The Power of Big Ideas: Welcome Back Fall 2016

September 6, 2016

Photo of J. Larry Jameson, MD, PhD

Dear Faculty, Students and Staff:

As the new academic year begins, I want to highlight the power of big ideas, and especially their ability to forge common purpose and spur long-term thinking.

During our 250th anniversary celebration last year, we highlighted Penn Medicine's impressive history of transformative discoveries that have changed science and health care. In recent years, with the development of dozens of innovative Centers and Institutes, we are accelerating the rate of discovery and tackling some of the most challenging, high-profile problems in medicine today. Indeed, as Benjamin Franklin would have hoped, Penn Medicine is very effective at implementation science -- bringing discoveries and ideas into practice for the public good.

Over the summer, the first clinical trial in which CRISPR technology will be used to engineer immune cells to better kill cancer cells achieved regulatory approval. The new Center for Advanced Cellular Therapeutics (CACT) facility in which these cells are created is unique in academic medicine. Such bold thinking pervades Penn Medicine. Other examples of ambitious projects at various stages of development include: therapeutics that overcome the blood-brain barrier; creating cell-penetrating antibodies; engineering universal T cells; designing gene therapy approaches for rare diseases such as inherited blindness, as well as common diseases such as coronary heart disease; and team-based approaches to reducing deaths from opioids. These and many other important initiatives are being pursued with persistence and creativity by our faculty. It is truly inspiring to see the wide range of topics in the sights of faculty members who are at the forefront of just about every “moonshot” challenge in biomedical science.

One reason Penn has become the epicenter for so many research areas is our culture of innovation, excellence, and collaboration. These are values that attract fresh talent to our institution and sustain long and productive careers. This culture and creativity is championed and supported by outstanding leaders of our Departments and Centers throughout Penn Medicine. Our leaders also appreciate the power of diversity and inclusion to create and implement big ideas. They have supported a wide array of inclusion programs that impact UME students, residents, clinical fellows, graduate students, and post-docs, as well as faculty.

We are fortunate to be starting the academic year in a strong financial position that balances support for all our missions. The health system closed another fiscal year in June with a robust operating margin that allows ongoing investments in our clinical facilities and programs, as well as our research and education missions. These investments foreshadow future success and provide enormous benefits for our patients and society at large. Increased research funding (approximately $620M) and robust philanthropic support (greater than $200M) also continue to fuel our research and academic programs. This financial strength directly impacts strategic thinking, allowing us to continue to pursue important goals and bold ideas.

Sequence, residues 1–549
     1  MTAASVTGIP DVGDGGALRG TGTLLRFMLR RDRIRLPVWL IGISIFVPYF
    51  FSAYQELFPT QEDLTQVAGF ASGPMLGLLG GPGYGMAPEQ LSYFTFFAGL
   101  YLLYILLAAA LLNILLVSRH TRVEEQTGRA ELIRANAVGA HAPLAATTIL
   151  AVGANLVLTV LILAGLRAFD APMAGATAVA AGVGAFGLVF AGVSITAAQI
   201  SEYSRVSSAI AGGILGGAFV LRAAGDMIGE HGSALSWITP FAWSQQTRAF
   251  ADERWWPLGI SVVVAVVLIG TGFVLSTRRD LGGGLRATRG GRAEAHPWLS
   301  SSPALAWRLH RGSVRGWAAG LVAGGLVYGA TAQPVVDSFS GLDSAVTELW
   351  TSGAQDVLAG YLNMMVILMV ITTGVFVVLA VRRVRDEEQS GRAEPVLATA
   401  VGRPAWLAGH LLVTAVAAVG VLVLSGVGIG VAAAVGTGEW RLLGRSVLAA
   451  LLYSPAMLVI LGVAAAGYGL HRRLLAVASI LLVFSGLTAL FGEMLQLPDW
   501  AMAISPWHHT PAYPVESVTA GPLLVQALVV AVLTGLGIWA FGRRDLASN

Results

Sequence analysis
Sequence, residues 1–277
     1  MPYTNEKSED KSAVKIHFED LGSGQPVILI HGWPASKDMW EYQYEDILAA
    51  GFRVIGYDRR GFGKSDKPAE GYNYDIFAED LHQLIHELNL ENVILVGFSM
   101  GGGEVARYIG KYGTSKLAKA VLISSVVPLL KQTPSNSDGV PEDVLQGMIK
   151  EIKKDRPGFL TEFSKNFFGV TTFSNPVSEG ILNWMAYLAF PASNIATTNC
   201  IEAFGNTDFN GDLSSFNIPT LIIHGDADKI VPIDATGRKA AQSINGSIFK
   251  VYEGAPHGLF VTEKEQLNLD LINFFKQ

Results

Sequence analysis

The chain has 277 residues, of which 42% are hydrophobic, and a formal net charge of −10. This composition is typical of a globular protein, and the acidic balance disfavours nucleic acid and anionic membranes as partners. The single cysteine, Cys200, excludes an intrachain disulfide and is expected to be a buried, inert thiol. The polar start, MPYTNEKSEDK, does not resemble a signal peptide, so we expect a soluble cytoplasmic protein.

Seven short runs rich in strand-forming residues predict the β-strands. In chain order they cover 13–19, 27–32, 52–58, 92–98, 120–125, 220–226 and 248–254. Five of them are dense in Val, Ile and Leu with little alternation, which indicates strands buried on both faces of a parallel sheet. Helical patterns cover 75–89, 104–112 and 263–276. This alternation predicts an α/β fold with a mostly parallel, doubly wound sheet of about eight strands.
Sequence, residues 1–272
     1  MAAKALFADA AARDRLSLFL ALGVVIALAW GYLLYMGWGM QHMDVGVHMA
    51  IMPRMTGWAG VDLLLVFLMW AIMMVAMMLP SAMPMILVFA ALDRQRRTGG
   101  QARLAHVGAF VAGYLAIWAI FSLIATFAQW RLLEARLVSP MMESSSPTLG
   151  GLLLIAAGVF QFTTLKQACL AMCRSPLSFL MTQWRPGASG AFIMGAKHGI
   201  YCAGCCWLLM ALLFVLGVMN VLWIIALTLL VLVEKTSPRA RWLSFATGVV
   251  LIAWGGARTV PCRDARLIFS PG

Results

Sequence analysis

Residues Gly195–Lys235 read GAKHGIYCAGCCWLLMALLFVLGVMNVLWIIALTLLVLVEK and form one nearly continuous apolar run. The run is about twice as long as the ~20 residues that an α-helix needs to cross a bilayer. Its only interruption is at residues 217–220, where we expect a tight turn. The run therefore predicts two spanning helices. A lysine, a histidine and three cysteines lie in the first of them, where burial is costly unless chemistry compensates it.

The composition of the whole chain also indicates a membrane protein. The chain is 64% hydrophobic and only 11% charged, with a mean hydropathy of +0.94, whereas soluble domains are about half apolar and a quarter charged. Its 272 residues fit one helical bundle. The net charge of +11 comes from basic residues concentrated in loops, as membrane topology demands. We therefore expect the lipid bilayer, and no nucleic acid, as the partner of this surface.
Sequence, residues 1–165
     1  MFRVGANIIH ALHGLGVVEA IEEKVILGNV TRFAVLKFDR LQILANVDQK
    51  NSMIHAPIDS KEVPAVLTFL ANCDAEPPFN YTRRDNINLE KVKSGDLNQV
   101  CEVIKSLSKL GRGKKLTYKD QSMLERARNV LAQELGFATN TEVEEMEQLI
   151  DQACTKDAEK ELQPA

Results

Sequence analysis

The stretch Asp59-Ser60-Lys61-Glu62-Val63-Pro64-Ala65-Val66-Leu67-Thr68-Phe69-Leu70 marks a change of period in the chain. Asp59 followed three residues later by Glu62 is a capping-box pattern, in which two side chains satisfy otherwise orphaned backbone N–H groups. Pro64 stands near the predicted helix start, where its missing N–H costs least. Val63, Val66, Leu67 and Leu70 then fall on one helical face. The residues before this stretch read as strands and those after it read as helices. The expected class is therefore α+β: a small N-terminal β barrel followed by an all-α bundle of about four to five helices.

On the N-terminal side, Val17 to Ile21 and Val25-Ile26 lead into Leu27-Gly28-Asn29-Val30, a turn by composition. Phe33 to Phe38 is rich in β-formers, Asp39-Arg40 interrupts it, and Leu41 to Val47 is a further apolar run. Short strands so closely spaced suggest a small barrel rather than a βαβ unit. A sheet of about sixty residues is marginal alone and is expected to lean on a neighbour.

Big ideas also permeate the clinical and teaching missions. The demolition of Penn Tower this summer will make way for a new inpatient pavilion and is a reminder of our important role as a leader in health care, particularly in advanced medicine. This project follows the successful opening of the trauma center at Penn Presbyterian last year. The ongoing integration of clinical services throughout our expanded health system is less visible, but has a major impact on patient care. We take great pride in the fact that when a patient enters the Penn Medicine health system, we have teams of physicians, nurses, and other health care professionals who work together, across multiple departments and specialties, to insure that the correct diagnosis is made and that effective treatment plans are developed and implemented. Novel programs such as the Penn Center for Community Health Workers aim to improve access and health outcomes by recognizing the importance of social determinants of health and developing new approaches to care coordination. New outpatient facilities in Valley Forge and Cherry Hill, and plans for a new outpatient facility in Radnor, will further improve access to care within our region.

With the opening of the new Jordan Medical Education Center, we are reinventing medical education for the future. No other peer institution has a higher proportion of students graduating with MD+ degrees. Of 140 students in the 2016 graduating class, more than 65 percent received dual degrees or certificates, equipping them with skills and leadership capabilities to shape their careers for the long term.

It is a pleasure to be starting a new academic year with each of you. The power of your big ideas, coupled with effective implementation, puts the wind at our backs, improving our institution and making a major impact, whether through discovery, training, or improving the lives of our patients. 

With best regards,

&quote;Larry&quote; Signature
J. Larry Jameson, MD, PhD